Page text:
DOVETAILS………still relevant after all these years?

Surely the woodworking world has come up with a better way of joining bits of wood together to make boxes or drawers than with those rather quaint, old-fashioned dovetails?

Well, there are finger joints, they’re pretty quick to make with a router. If you ever have anything to do with Repro furniture you’ll have come across all sorts of inventive combinations of rebates and nails, and there are mitres, but they have to be executed pretty accurately and really need a bit of reinforcement if they are to put up with any sort of abuse. They all work, at least to some degree, but are any of them as strong and good looking as a dovetail? Well I find it quite hard to argue against the dovetail as a method of jointing corners, well I would say that wouldn’t I? I spend a good deal of my time teaching people how to cut them! But their angular shape does makes the dovetail a very elegant, efficient, mechanical joint and we generally seem to find them aesthetically pleasing too.

There’s a piece of furniture at a show, it has drawers, do the people looking at the piece stand back to admire the well thought out, balanced proportions of the whole piece? No! They open a drawer and inspect the dovetails. At this point knowing glances will be exchanged, there might be a slight wince, possibly some sucking of air through teeth, or maybe a hint of a smile and an admiring nod. Rightly or wrongly, the quality of the whole piece of furniture seems to be being judged on the quality of the dovetails, which might seem to be a little harsh.

Is there actually anything to be gained from dovetail inspection? It might just reveal the fact that the maker is the proud owner of a router-based dovetailing jig, and it might not reveal that they use a band-saw to cut their dovetails because they’re rubbish at using a hand saw, all of which means that the checking of dovetails might not be a terribly reliable way of checking for quality of workmanship in a piece of furniture.

Having said that, dovetails can say something about the maker, if the tails and pins are all the same size and evenly spaced they will certainly have been machine cut and they will look pretty ugly, which might tell you that the maker doesn’t care much about the aesthetics of the piece, if he doesn’t give much thought to the joints that are visible what are the other joints going to be like? At the other end of the spectrum, there are the impossibly slim pins that can only be cut by hand, the end of the pin being just the thickness of a saw blade, if well executed this could just be construed as someone who’s showing off, and why not? This maker is saying ‘look what I can do, I’ve done hours and hours of practice working on my hand skills and I’m really good at this stuff!’ And there’s a good chance that the rest of the piece will be made to the same high standard of competence. So perhaps the folk that inspect dovetails when looking at furniture have a point.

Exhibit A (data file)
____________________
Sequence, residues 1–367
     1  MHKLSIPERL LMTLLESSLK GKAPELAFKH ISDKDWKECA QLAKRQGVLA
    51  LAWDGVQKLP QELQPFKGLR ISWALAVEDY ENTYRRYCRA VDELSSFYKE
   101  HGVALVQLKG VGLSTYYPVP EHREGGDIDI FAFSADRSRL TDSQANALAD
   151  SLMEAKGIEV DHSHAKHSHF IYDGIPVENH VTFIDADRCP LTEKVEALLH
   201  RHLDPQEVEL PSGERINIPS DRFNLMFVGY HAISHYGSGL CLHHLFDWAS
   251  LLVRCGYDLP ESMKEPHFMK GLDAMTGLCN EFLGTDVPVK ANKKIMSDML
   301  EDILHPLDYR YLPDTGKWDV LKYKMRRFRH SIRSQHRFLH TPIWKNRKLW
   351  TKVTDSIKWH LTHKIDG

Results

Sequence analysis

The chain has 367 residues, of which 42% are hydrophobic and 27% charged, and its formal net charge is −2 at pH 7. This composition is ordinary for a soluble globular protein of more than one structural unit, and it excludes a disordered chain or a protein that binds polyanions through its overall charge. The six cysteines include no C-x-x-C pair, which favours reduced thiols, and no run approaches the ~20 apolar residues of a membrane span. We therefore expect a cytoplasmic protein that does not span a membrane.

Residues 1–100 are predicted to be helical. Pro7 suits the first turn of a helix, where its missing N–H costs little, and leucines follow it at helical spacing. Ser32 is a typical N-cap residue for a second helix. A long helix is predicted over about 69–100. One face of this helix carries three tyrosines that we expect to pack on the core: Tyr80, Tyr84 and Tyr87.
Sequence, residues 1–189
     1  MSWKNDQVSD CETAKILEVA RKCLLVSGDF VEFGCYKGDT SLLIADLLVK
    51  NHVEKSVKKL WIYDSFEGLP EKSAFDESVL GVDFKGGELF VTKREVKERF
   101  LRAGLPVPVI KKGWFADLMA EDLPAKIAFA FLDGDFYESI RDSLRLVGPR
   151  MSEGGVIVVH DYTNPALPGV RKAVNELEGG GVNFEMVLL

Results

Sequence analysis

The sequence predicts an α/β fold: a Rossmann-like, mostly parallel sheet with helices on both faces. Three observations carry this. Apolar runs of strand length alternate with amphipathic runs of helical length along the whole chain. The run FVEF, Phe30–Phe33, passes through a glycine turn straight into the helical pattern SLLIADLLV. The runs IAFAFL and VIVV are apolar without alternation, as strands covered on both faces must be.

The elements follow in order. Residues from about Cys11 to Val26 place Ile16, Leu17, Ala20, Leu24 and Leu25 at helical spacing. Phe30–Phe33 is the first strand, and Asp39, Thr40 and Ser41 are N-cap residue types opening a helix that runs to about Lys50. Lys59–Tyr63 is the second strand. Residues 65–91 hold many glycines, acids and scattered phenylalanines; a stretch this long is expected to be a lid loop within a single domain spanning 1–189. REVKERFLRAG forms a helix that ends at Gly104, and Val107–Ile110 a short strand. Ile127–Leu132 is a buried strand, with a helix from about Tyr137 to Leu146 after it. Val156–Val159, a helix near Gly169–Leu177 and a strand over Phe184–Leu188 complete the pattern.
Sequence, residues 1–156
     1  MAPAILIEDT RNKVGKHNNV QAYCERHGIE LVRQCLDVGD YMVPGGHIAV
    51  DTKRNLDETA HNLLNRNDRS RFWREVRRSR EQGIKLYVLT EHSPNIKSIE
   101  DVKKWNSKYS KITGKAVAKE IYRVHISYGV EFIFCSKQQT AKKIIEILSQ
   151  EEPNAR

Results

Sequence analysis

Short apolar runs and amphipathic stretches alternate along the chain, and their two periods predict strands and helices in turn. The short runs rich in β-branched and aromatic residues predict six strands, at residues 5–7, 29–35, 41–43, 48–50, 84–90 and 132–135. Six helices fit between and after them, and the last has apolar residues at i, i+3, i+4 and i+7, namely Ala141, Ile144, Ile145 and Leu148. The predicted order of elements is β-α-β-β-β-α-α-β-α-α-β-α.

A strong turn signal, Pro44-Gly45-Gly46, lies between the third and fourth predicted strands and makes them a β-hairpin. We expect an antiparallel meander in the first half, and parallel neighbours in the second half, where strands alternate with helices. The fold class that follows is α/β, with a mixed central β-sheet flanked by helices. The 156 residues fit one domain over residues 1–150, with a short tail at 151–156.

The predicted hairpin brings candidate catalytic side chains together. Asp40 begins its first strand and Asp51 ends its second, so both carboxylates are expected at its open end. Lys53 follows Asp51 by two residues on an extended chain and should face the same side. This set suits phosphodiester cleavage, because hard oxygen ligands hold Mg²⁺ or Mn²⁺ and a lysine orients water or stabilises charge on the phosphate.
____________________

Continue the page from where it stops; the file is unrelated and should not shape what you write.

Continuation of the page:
For me, as a teacher of woodwork, a dovetail is an incredibly good way of gauging the progress of a student, it incorporates the three core skills of a cabinetmaker, planing, sawing and chiselling. There really isn’t anywhere to hide when you’re cutting dovetails (unless they’re the secret mitred variety!).

So, are dovetails still relevant after all these years....................................?

John Lloyd - Side tables

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The Author John Lloyd

John Lloyd trained in Furniture Making and Antique Furniture Restoration & Conservation with Bruce Luckhurst at the Little Surrenden Workshops in Kent, where he graduated with distinction.  He also taught antique furniture restoration at West Dean College, Chichester.  

John was awarded the City & Guilds of London Institute Silver Medal of Excellence,  the highest possible award, as First Prize for Advanced Studies in Furniture for Furniture Making and Antique Restoration.

With the experience of a 25 year career as a successful furniture designer/maker and restorer behind him, John now teaches intensive courses from his delightful workshops in rural Sussex.  He also regularly contributes articles to the leading furniture making magazines.

John is a full member of BAFRA, The British Antique Furniture Restorers’ Association.

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